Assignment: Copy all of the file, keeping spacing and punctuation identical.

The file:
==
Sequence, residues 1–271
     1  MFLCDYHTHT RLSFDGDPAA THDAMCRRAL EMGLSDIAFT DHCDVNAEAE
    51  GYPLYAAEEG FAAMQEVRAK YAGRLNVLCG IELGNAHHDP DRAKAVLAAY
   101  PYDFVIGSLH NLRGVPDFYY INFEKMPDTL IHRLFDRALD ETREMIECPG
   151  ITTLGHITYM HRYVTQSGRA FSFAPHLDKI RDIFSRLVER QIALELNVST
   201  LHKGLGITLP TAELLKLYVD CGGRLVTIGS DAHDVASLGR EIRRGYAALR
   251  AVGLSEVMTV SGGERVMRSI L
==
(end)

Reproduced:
Sequence, residues 1–271
     1  MFLCDYHTHT RLSFDGDPAA THDAMCRRAL EMGLSDIAFT DHCDVNAEAE
    51  GYPLYAAEEG FAAMQEVRAK YAGRLNVLCG IELGNAHHDP DRAKAVLAAY
   101  PYDFVIGSLH NLRGVPDFYY INFEKMPDTL IHRLFDRALD ETREMIECPG
   151  ITTLGHITYM HRYVTQSGRA FSFAPHLDKI RDIFSRLVER QIALELNVST
   201  LHKGLGITLP TAELLKLYVD CGGRLVTIGS DAHDVASLGR EIRRGYAALR
   251  AVGLSEVMTV SGGERVMRSI L